Evaluation Anxiety: How It Affects Children

Evaluation anxiety is a state of fear, uneasiness, or nervousness, which arises from the possibility of being judged by others. Learn more.
Evaluation Anxiety: How It Affects Children
Elena Sanz Martín

Reviewed and approved by the psychologist Elena Sanz Martín.

Last update: 27 December, 2022

Your child has been practicing a dance or a skill all week and you’ve seen how well they do it for yourself. However, on the weekend, when they go to show it to their grandparents and aunts, and uncles, they get stuck, make mistakes, and give the impression that they haven’t rehearsed. Have you ever experienced such a situation? This is the result of evaluation anxiety, a phenomenon that affects us all, but can be more damaging to children.

This poor performance that occurs when we act under the watchful eye of others is the result of anxiety and can have important repercussions in children’s lives. For example, it could hinder their ability to socialize or affect their academic performance. That’s why, as a mother, it’s essential that you know about it and help your child to prevent its effects. We’ll tell you how to do it.

What is evaluation anxiety?

Evaluation anxiety is a state of fear, uneasiness, or nervousness that arises from the possibility of being judged by others.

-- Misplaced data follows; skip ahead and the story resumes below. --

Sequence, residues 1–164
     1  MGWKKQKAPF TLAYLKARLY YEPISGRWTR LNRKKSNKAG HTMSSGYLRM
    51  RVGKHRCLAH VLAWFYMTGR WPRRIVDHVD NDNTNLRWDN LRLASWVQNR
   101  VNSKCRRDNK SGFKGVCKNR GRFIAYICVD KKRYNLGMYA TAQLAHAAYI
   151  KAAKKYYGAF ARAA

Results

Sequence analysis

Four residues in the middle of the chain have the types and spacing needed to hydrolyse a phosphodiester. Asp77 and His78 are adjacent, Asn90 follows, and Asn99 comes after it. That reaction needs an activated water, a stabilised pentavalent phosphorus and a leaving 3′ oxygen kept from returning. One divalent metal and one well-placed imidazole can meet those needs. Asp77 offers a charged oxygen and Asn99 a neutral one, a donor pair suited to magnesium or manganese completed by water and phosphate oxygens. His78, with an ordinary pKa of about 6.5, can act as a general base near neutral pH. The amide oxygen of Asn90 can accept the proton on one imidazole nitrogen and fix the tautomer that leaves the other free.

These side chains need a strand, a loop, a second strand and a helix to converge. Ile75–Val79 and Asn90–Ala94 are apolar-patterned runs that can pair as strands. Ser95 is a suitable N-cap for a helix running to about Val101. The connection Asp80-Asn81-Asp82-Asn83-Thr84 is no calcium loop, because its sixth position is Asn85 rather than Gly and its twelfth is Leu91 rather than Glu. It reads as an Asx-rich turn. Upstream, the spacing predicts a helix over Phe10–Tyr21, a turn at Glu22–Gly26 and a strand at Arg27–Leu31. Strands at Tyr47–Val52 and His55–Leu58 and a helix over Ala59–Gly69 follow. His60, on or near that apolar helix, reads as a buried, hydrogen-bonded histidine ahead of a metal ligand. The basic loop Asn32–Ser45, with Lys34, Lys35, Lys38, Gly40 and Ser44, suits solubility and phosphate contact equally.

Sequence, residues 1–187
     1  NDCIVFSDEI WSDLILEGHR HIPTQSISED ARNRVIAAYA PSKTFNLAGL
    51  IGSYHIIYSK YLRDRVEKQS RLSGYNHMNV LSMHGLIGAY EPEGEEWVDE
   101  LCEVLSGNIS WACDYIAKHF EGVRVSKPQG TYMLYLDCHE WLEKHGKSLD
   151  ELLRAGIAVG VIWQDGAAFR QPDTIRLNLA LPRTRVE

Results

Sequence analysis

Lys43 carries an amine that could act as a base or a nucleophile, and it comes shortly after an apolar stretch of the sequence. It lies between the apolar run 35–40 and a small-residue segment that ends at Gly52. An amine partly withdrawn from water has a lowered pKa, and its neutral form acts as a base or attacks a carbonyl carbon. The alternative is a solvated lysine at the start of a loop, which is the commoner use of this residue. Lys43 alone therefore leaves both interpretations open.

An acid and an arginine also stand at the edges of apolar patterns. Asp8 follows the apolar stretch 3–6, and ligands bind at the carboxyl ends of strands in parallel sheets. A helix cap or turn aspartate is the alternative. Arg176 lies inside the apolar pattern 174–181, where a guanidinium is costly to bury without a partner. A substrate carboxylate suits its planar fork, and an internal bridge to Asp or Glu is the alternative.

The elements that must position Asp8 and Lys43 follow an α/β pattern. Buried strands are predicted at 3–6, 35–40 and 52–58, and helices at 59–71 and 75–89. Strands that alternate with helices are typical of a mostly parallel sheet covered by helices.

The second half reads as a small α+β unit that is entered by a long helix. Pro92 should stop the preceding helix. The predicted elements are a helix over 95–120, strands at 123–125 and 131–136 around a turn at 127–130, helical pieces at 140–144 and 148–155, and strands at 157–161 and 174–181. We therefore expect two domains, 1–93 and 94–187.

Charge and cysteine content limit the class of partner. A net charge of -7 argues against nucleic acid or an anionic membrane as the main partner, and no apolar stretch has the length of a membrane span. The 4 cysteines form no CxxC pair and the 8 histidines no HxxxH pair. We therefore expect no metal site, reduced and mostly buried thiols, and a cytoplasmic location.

We fear being evaluated by others when we have to take an exam or give a public presentation. But this fear can also arise when talking to other people or doing any activity in which we feel we must prove our worth. Paradoxically, this same anxiety blocks us and makes our performance much lower than expected.

Although there are individuals more prone than others to suffer from evaluation anxiety, in reality, we all experience these types of feelings at various times in life. The difference is that adults have a greater ability to understand and manage what’s happening, while children can feel very blocked and guilty, especially in certain contexts that we’ll discuss below.

A mother acting frustrated with her young daughter.
Raising children under high demands can be detrimental to their emotional development and favor the emergence of test anxiety.

Factors that influence evaluation anxiety

Evaluation anxiety doesn’t always occur with the same ease or intensity, but there are several factors that make a difference. Here’s what they are.

Temperament and personal characteristics

An anxious, preoccupied, or inhibited temperament makes a person more vulnerable to criticism and failure; therefore, it’s easier for them to experience fear of evaluation. These children are particularly sensitive to rejection and may show more intense reactions to the possibility of being judged by others.

The difficulty of the task

Interesting research has been done on this subject and has concluded that evaluation anxiety depends largely on the type of task being performed. For simple, when it comes to mechanical activities, this anxiety component may be unaffected or even stimulating. A certain degree of alertness helps us to pay attention and become more involved and, therefore, make fewer errors.

On the contrary, in those tasks that are more cognitively demanding and complex, anxiety is counterproductive. In these cases, performance will be worse and fear will be more limiting.